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Anderson v. Kaemingk

United States District Court, D. South Dakota, Southern Division

May 4, 2018

TERRY ALLEN ANDERSON, AND ANY AND ALL PERSONS SIMILAR; Plaintiff,
v.
D. KAEMINGK, SECRETARY OF CORRECTIONS AT DEPT. OF CORRECTIONS FOR STATE OF SD, IN HIS INDIVIDUAL AND OFFICIAL CAPACITY; D. YOUNG, WARDEN AT SIOUX FALLS PRISON SYSTEM, IN HIS INDIVIDUAL AND OFFICIAL CAPACITY; T. PONTO, ASSOC. WARDEN AT JAMESON ANNEX, IN HIS INDIVIDUAL AND OFFICIAL CAPACITY; A. ALLCOCK, ASSOC. WARDEN AT SDSP, IN HIS INDIVIDUAL AND OFFICIAL CAPACITY; T. MEIROSE, A. MADSEN, O. BERTSCH, SECTION MANAGERS; Defendants.

          ORDER DENYING MOTION TO RECONSIDER

          KAREN E. SCHREIER UNITED STATES DISTRICT JUDGE

         Plaintiff, Terry Anderson, is an inmate at the South Dakota State Penitentiary in Sioux Falls. Anderson filed a pro se civil rights lawsuit and requested leave to proceed in forma pauperis under 28 U.S.C. § 1915. Docket 1; Docket 2. The court granted Anderson's motion to proceed in forma pauperis but dismissed his complaint without prejudice for failure to state a claim upon which relief may be granted. Docket 6. Anderson now moves the court to reconsider this order. Docket 8.

         The Federal Rules provide the following regarding grounds for relief from an order:

         On motion and just terms, the court may relieve a party . . . from a final judgment, order, or proceeding for the following reasons:

(1) mistake, inadvertence, surprise, or excusable neglect;
(2) newly discovered evidence that, with reasonable diligence, could not have been discovered in time to move for a new trial under Rule 59(b);
(3) fraud (whether previously called intrinsic or extrinsic), misrepresentation, or misconduct by an opposing party;
(4) the judgment is void;
(5) the judgment has been satisfied, released, or discharged; it is based on an earlier judgment that has been reversed or vacated; or applying it prospectively is no longer equitable; or
(6) any other reason that justifies relief.

Fed. R. Civ. P. 60(b). A district court's decision on a motion for reconsideration rests within its discretion. Hagerman v. Yukon Energy Corp., 839 F.2d 407, 413 (8th Cir. 1988). “Motions for reconsideration serve a limited function: to correct manifest errors of law or fact or to present newly discovered evidence.” Id. at 414 (quoting Rothwell Cotton Co. v. Rosenthal & Co., 827 F.2d 246, 251 (7th Cir.), as amended, 835 F.2d 710 (7th Cir. 1978)). Anderson claims fraud and misrepresentation by the court in seeking a reconsideration. Docket 8 at 3. The court construes Anderson's claim as one questioning the court's interpretation of the facts, rather than an assertion relating to the court's intent. The court addresses individually each issue raised in the motion to reconsider.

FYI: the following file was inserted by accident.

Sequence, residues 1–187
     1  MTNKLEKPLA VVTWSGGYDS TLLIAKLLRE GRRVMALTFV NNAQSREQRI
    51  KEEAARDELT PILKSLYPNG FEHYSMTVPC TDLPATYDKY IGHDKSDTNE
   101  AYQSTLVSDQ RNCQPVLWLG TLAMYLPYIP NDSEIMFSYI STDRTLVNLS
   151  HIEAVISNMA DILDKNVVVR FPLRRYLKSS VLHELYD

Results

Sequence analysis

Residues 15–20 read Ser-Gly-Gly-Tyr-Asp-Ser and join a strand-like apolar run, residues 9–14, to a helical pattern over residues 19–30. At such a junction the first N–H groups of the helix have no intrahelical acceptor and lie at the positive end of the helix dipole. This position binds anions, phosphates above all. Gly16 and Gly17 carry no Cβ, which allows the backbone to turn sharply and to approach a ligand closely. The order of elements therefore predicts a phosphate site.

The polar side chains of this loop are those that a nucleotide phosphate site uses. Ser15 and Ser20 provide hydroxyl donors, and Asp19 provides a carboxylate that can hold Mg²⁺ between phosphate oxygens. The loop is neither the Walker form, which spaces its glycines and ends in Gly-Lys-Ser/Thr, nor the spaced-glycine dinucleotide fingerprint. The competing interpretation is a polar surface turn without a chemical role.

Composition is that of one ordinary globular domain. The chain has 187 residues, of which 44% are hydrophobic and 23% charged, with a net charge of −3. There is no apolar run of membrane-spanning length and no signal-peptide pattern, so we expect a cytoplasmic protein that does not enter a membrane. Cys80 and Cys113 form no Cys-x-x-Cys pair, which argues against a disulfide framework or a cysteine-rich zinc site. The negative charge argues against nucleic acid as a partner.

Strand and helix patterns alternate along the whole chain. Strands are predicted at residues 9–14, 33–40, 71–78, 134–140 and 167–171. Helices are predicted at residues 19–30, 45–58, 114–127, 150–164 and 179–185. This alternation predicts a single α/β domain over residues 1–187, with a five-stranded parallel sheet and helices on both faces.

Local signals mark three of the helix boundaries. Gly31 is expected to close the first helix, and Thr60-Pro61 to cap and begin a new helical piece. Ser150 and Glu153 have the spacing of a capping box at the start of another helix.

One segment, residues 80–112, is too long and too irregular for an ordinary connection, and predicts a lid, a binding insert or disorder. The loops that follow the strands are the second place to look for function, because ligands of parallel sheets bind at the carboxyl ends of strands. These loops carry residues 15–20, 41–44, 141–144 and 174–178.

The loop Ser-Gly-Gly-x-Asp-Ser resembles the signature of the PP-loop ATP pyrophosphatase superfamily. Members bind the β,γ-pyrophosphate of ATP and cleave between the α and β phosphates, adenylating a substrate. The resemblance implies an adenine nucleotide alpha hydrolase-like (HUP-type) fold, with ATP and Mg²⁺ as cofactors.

I. Retaliation or Conditions of Confinement

         Anderson first asks the court to reconsider its dismissal of his retaliatory discipline claim. Docket 8. The court found that Anderson failed to state a retaliatory discipline claim, because Anderson did not allege that he was exercising a constitutional right or that an exercise of a constitutional right was the motivation for the alleged retaliation. Docket 6. Anderson provides more detailed factual allegations in his motion to reconsider, but he still fails to allege that he was exercising a constitutional right or that an exercise of a constitutional right was the motivation for the alleged retaliation. Thus, Anderson has failed to show that the court's previous order was based on any erroneous findings of fact or conclusions of law.

         Anderson's claim could instead be construed as a conditions of confinement claim. Anderson identified his first claim as a retaliation claim on the Civil Rights Complaint form, but his motion to reconsider cites cases involving unconstitutional conditions of confinement in segregation housing. For example, Anderson cites Maxwell v. Mason, 668 F.2d 361 (8th Cir. 1981), to support his claim. In Maxwell, the Eighth Circuit affirmed a district court's finding of cruel and unusual punishment where an ...


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